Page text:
‘Apex Magazine’ describes itself to be in the realms of Science Fiction, Fantasy and Horror. ‘Strange, beautiful, shocking, surreal’ are also words which appear on the website. After having read ‘Apex’ for a few issues you can certainly understand that the claims may be true. In order to survive the length of time that Apex has survived, apart from dedicated staff, you also need a unique identity so that you can live in a niche where no one else resides because in a world of blandness and mediocrity, being special makes you stand out. Yes, it certainly is unique. Looking into ‘Apex’ is like looking into a dark room where insanity resides and you seem to have the feeling that by remaining too long in the realms of this strange world the chances of escape may elude you. Fortunately, the fact remains that it is just a magazine and not a look through into another world or so you think? Whatever the fact may be, there is something distinctly different about ‘Apex’ and it’s well worth having a look to see what it’s all about.
As mentioned, this is issue number 50, a milestone no less. The artwork as usual is visually stunning. Don’t take my word for it, see for yourself. Every issue seems to be a different image of differentness, if such a word exists and they are definitely memorable images.
Three short stories appear in this magazine. Sarah Monette’s ‘To Die For Moonlight’ had what I could only describe as tones of Jane Austen, yet it wasn’t quite the same because it started off with someone getting their head cut off with a pen knife. Sounds a bit macabre but nothing compared to another story in number 50. Anyway, returning to ‘Moonlight’, it appears after lengthy discourse that one of the characters is maybe not quite human and is affected by moonlight at certain times of the month.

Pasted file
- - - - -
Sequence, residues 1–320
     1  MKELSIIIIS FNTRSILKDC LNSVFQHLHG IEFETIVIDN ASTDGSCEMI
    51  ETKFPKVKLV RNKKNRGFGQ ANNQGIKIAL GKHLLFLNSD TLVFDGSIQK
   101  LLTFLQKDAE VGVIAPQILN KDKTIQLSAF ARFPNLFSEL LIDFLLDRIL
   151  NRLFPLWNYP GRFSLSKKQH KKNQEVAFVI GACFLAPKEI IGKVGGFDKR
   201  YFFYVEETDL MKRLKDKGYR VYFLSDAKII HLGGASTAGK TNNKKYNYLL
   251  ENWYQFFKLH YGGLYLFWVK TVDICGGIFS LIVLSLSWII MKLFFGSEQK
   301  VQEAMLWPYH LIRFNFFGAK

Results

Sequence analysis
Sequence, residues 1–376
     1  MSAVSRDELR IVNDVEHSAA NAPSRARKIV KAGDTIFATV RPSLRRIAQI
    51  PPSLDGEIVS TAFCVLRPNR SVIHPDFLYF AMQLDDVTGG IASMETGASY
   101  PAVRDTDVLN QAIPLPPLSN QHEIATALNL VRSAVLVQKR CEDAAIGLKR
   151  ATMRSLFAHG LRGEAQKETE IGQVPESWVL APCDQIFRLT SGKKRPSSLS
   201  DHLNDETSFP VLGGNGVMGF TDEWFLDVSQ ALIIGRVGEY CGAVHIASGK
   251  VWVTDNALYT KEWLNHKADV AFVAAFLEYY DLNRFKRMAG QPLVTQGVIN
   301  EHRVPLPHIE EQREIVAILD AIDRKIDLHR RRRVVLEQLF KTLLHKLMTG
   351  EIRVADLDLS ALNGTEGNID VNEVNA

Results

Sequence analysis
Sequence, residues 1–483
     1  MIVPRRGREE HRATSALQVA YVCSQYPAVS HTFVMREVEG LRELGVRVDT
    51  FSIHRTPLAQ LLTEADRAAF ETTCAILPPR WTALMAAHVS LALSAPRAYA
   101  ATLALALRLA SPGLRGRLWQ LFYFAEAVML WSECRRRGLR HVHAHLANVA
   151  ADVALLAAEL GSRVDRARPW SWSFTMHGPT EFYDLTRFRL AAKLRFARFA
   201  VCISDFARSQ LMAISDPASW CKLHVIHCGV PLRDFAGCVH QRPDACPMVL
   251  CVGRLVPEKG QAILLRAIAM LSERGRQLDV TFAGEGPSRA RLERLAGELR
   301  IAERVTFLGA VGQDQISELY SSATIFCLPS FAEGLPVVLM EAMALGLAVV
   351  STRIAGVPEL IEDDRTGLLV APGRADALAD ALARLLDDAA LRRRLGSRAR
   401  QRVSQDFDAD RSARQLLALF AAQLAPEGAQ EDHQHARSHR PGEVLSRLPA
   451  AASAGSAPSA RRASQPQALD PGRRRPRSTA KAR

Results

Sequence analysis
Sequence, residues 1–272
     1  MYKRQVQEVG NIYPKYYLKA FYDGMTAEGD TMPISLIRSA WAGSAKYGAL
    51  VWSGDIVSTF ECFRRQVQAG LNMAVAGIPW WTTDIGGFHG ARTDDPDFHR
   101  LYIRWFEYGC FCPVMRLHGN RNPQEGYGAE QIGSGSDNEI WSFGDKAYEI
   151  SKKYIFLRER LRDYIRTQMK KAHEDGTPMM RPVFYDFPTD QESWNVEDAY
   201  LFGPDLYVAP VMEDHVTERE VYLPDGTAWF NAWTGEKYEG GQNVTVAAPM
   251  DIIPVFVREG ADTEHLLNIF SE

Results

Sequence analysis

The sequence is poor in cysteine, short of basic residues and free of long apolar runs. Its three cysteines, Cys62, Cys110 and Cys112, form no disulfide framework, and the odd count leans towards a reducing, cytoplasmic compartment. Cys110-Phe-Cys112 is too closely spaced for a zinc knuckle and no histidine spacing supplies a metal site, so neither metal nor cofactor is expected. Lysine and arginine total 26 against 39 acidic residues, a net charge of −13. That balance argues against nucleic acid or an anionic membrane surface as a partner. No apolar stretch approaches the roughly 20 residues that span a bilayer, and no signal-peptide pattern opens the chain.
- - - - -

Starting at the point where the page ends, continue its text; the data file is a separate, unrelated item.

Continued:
Kelly Link’s ‘The Constable Of Abel’ was exceptionally witty and clever, describing the lives of a mother and daughter in a strange world which was, to my mind, a parody of ancient Rome. You had to admire the character description, especially one woman who was a blackmailer, ‘She did not bleed her clients dry; she milked them. You could even say she did it out of kindness. What good is a secret without someone to know it? When one cannot afford a scandal, a blackmailer is an excellent bargain.’ There are more gems like this in the story. Read on and be convinced.
Rachel Swirsky’s ‘Abomination Rises On Filthy Wings’ comes with a health warning from the editor. It was all about a man murdering his wife. She was a harpie or so he thought. The story was okay but I thought most of it was irrelevant. It possibly describes the change in feeling from love to hate that some people develop in relationships, with an element of self-loathing chucked in, evident when the man in the story discovered his body to be undergoing necrolysis in front of his eyes. Certainly made you think, the story did, but it was unpleasant to the senses.
Lots of good poetry, interviews with the authors and editorial comment included, number 50 was a very good issue. You can actually look at it for free on the website but if you want to support ‘Apex’ it’s possible to buy it from Amazon and other places, allowing it to appear in Kindle format amongst others. Yes, it’s something different with a unique identity. It may be for you. The only way to judge is to see for yourself.
(pub: Apex. Digital mag. Price: $ 2.99 (US))
check out website: www.apex-magazine.com/issue-50/